I would guess that to be the case for the following reason... suppose I have a bad back. What's to stop me from getting such insurance, then going to the US to let them run a battery of tests that could cost 1000s? For that reason, I would guess that travel insurnace does not cover chronic conditions.

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    Second opinion consultations are mostly not covered by travel insurance policies, as you state in the later part of your answer. That makes the first part of your answer useless, as it will not help with the problem. Can you edit the answer to make it more helpful? – Willeke Apr 13 at 11:19
  • I understand that. Hence I suggest that he specifically find an insurance provider that DOES cover what it is he is looking for. That will be the tricky part. – bremen_matt Apr 13 at 11:21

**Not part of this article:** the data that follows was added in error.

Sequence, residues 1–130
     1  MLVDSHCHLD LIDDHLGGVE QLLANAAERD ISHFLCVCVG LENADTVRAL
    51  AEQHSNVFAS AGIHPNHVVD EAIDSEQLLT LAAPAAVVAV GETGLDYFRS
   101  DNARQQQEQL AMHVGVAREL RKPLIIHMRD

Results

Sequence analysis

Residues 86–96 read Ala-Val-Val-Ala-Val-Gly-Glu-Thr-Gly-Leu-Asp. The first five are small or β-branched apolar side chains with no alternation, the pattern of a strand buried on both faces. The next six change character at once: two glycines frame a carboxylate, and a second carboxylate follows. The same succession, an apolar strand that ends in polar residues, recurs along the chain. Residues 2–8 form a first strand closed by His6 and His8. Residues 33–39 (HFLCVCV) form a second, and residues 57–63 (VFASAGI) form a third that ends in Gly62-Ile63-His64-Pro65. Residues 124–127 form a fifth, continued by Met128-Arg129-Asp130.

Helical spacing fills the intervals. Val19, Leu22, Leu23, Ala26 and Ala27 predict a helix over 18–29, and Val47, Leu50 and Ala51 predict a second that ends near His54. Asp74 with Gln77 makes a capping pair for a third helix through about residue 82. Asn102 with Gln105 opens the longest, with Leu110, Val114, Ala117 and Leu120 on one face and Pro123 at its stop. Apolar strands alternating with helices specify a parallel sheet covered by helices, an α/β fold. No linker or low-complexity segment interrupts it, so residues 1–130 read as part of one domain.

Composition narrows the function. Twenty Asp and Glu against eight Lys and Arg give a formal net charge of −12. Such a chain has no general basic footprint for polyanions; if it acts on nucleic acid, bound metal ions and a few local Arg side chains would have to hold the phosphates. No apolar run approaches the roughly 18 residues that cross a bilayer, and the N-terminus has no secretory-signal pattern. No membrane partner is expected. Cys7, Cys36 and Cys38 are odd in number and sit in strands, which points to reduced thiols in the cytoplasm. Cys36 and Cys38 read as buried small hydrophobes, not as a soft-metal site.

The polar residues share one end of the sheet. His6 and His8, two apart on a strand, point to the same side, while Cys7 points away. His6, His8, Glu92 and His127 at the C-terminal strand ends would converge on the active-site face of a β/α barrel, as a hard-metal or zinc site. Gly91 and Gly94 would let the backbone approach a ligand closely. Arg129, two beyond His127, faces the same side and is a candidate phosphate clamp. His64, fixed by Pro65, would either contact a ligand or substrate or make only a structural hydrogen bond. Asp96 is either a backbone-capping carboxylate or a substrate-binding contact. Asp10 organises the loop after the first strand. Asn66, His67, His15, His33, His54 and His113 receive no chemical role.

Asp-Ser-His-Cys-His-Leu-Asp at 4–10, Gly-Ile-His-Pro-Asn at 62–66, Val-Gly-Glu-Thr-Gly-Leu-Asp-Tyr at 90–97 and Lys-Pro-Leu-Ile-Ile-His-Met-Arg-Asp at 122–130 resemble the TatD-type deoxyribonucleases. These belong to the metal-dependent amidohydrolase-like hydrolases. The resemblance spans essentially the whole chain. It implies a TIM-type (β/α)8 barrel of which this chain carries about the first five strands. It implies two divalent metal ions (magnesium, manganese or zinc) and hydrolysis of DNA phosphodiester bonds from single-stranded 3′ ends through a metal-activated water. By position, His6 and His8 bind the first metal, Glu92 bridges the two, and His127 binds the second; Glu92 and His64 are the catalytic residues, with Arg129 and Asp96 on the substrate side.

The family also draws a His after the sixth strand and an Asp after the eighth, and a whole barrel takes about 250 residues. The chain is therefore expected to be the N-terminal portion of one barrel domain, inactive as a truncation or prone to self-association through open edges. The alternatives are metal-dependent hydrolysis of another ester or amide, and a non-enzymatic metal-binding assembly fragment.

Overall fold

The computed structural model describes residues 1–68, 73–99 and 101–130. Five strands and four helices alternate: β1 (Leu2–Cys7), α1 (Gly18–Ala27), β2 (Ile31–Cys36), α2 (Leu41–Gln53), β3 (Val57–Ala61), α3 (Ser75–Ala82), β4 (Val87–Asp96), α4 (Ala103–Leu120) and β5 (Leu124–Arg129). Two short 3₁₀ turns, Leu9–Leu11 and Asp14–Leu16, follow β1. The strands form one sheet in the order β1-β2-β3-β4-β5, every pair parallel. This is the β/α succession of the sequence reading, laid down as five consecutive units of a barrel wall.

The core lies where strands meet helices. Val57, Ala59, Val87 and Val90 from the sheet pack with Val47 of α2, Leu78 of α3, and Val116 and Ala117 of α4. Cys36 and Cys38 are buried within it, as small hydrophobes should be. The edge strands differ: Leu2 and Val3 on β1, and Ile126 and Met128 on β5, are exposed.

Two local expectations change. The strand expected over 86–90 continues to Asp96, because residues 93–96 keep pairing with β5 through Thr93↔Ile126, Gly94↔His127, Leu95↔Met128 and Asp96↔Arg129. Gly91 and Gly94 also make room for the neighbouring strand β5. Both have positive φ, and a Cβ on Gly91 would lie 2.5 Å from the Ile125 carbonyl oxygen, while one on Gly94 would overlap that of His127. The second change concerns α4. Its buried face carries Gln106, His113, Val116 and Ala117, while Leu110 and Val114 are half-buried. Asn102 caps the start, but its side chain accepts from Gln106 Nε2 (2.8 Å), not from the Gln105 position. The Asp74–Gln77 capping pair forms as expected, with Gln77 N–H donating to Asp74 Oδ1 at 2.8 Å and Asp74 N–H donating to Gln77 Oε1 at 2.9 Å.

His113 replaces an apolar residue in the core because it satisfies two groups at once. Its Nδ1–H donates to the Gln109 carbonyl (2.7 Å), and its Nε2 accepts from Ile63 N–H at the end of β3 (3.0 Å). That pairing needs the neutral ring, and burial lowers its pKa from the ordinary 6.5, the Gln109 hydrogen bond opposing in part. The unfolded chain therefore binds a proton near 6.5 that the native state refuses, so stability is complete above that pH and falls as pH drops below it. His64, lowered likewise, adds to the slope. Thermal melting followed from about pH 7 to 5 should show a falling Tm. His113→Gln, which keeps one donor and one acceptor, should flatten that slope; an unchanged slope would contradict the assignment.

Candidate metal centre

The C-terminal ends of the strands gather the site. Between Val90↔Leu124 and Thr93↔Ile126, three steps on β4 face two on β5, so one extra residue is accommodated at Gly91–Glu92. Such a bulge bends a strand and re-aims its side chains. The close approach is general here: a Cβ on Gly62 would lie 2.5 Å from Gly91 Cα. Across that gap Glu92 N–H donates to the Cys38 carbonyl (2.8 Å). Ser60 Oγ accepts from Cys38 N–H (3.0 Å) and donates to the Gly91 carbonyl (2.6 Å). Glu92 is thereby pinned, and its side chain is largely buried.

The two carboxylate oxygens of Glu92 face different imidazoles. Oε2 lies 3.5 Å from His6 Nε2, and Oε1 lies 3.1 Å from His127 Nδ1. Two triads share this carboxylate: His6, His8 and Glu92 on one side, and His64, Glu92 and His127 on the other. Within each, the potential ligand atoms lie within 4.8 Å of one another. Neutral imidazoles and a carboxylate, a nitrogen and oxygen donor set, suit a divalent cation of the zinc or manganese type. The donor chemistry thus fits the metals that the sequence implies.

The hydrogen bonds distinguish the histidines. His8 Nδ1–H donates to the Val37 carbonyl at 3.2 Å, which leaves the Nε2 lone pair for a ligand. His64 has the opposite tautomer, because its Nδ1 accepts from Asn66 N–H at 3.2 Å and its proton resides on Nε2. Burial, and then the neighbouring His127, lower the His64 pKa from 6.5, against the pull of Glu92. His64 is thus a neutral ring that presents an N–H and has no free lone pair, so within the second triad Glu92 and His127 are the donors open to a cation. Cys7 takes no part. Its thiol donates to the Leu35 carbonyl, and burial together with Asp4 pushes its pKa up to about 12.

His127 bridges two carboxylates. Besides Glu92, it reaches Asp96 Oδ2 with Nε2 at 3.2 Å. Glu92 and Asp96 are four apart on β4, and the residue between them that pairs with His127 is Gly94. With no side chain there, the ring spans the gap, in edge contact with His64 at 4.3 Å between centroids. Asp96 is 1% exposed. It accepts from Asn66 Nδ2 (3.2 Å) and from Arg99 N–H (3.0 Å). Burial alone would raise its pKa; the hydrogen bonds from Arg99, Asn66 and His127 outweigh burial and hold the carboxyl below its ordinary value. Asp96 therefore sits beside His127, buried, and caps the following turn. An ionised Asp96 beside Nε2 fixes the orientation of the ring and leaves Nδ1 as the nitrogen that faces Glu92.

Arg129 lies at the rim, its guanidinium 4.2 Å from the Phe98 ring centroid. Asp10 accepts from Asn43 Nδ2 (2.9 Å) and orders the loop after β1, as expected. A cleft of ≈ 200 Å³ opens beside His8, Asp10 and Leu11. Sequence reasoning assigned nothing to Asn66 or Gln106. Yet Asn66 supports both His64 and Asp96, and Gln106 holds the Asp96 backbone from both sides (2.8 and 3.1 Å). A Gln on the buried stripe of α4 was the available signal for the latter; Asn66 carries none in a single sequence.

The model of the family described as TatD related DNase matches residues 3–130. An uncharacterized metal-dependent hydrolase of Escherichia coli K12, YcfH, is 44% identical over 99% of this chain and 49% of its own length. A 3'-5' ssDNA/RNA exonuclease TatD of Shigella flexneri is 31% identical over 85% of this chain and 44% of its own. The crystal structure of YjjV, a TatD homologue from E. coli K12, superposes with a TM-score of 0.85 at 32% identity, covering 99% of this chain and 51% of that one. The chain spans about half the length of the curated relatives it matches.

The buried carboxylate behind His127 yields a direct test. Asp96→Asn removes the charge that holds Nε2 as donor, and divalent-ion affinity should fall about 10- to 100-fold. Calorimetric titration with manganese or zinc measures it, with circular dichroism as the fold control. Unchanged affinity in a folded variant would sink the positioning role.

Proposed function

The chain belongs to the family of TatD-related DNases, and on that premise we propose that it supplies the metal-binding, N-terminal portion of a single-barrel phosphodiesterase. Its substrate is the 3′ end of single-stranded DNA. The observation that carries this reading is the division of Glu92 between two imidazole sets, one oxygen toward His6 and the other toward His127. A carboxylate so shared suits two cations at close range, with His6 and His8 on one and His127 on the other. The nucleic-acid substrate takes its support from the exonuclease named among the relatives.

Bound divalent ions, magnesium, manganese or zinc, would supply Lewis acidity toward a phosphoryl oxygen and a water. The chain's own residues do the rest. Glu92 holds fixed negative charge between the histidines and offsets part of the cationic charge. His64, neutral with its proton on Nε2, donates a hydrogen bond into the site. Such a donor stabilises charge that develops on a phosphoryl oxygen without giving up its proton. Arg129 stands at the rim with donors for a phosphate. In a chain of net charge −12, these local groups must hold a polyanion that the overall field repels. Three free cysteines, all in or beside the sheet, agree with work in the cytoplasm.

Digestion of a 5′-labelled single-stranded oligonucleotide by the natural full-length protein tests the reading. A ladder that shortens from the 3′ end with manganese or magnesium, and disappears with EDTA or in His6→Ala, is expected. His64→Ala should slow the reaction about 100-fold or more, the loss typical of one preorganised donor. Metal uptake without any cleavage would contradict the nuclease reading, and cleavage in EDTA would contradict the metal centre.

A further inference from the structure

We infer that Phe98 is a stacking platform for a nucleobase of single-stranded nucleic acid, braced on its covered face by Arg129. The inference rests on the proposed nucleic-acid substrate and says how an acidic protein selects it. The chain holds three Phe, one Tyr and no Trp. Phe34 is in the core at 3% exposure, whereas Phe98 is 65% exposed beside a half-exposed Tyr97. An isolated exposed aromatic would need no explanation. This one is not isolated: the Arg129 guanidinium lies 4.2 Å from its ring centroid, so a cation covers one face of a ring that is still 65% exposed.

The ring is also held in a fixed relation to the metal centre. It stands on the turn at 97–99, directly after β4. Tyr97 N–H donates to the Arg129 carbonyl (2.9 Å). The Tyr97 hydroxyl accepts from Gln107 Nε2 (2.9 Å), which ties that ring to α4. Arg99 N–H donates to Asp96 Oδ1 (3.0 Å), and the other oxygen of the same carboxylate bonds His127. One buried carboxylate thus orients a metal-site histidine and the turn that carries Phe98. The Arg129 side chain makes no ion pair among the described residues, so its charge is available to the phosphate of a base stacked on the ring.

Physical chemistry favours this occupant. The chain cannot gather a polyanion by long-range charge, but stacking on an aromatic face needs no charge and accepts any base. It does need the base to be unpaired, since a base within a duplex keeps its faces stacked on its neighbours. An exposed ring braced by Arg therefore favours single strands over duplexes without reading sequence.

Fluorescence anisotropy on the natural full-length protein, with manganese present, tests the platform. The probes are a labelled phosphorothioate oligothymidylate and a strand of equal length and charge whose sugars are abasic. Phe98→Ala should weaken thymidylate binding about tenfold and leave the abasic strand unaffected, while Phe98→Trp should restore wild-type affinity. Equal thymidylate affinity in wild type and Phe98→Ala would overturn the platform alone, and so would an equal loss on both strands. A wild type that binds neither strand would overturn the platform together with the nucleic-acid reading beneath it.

• I also think that somebody should point out that if all he wants is a consultation, then he might just want to suck it up and pay. If he wants treatment, then he should definitely get insurnace – bremen_matt Apr 13 at 11:21
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    In many places health insurance companies exclude pre-existing conditions from their coverage, in the USA that is norm, so a new insurance may not help at all. – Willeke Apr 13 at 11:56
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    @Willeke: it means most working-age people get health coverage from their employer. Elderly 65+ are covered by Medicare, a government program, and children are usually covered on their parent/s' plan. Otherwise, if you aren't employed or your employer doesn't offer a plan (many small employers don't), you must buy in the 'individual' market, which traditionally was expensive due to adverse selection and overhead, but now the ACA 'marketplace' is available to legal residents with some exclusions -- but apparently not tourists – dave_thompson_085 Apr 13 at 16:28